• Are IDPs reaching durable or temporary solutions, and what is the difference?
  • Is displacement an arrival point or a process?
  • What factors motivate IDPs to move more than once in displacement?
  • How do different populations within the IDP community—for example, female-headed households or children—experience displacement?
  • What informs IDPs’ decisions as they adjudicate between factors motivating them to stay in their host communities or return home?

Findings and data from the study, which is being made publicly available for the first time, might thus provide a wealth of information to governmental, policy, and academic circles working with the internally displaced globally.

Guidling Principles
definition of IDP:
“Persons or groups of persons who have been forced or (IDPs) obliged to flee or to leave their homes or places of habitual residence, in particular as a result of or in order to avoid the effects of armed conflict, situations of generalized violence, violations of human rights or natural or human-made disasters, and who have not crossed an internationally recognized state border.” Guiding Principles on Internal Displacement (1998)
was defined for the first time in 2010 by the IASC Framework for Durable Solutions for IDPs, which states that “a durable solution is achieved when IDPs no longer have specific assistance and protection needs that are linked to their displacement and such persons can enjoy their human rights without discrimination resulting from their displacement.”

IASC Framework on Durable Solutions for IDPs

This study is based on the Inter Agency Standing Committee (IASC) Framework on Durable Solutions for Internally Displaced Persons. This rights-based framework strives to explain the concept of a durable solution and lay out general guidance on what it means to achieve a durable solution following internal displacement.

Pathways to durable solutions are generally considered to be return, integration, or resettlement/relocation and a durable solution is achieved when IDPs “no longer have any specific assistance and protection needs that are linked to their displacement and can enjoy their human rights without discrimination on account of their displacement.”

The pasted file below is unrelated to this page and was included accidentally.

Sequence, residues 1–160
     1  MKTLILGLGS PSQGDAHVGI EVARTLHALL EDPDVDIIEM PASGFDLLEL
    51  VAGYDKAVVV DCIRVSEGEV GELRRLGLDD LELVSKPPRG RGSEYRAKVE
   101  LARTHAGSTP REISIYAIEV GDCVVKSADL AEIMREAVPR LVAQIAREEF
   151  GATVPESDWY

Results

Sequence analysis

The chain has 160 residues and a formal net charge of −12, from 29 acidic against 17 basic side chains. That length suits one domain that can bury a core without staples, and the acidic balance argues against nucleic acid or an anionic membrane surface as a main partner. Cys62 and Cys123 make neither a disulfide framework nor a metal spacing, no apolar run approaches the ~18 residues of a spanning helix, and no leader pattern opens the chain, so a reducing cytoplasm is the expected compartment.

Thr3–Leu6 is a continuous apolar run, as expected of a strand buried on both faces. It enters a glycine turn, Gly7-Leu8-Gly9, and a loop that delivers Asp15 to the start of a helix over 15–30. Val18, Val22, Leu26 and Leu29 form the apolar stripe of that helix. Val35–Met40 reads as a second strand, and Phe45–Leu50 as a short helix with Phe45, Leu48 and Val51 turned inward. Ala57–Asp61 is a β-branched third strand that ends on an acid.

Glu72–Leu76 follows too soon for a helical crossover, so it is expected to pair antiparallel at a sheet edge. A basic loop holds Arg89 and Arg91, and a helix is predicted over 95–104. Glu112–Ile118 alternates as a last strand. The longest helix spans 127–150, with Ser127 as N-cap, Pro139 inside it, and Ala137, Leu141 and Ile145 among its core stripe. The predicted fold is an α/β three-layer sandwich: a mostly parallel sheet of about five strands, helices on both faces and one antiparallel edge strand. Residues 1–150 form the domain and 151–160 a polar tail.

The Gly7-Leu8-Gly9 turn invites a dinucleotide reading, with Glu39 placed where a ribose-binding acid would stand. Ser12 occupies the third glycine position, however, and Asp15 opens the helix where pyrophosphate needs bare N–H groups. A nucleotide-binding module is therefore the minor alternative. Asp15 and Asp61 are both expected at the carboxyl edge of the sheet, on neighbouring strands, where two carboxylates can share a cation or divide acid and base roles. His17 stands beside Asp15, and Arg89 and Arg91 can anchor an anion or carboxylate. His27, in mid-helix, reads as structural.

The Framework was created to assist governments and humanitarian actors in understanding solutions to internal displacement and aid in finding ways to help IDPs achieve them. There are eight criteria laid out in the framework as measures to determine to extent a durable solution has been achieved. A short description of each criterion and findings from the IOM-GU study measuring indicators of each criterion of a durable solution follow. The descriptions below come directly from the framework. [1]

Safety and Security

“IDPs who have achieved a durable solution enjoy physical safety and security on the basis of effective protection by national and local authorities. This includes protection from those threats which caused the initial displacement or may cause renewed displacement. The protection of IDPs who have achieved a durable solution must not be less effective than the protection provided to populations or areas of the country not affected by displacement. While absolute safety and security may often not be achievable, IDPs must not be the subject of attacks, harassment, intimidation, persecution or any other form of punitive action upon return to their home communities or settlement elsewhere in the country…IDPs who have achieved a durable solution have full and non-discriminatory access to national and local protection mechanisms, including police, courts, national human rights institutions and national disaster management services.”

Standard of Living

“IDPs who have achieved a durable solution enjoy, without discrimination, an adequate standard of living… An adequate standard of living requires that at a basic minimum IDPs have adequate access, on a sustainable basis, to: Essential food and potable water; Basic shelter and housing; Essential medical services, including post-sexual assault care and other reproductive health care; Sanitation; [and] at least primary school education…. IDPs who have achieved durable solutions can access public services, including education, health care, social housing and other welfare measures, on the same basis as members of the resident population with comparable needs.”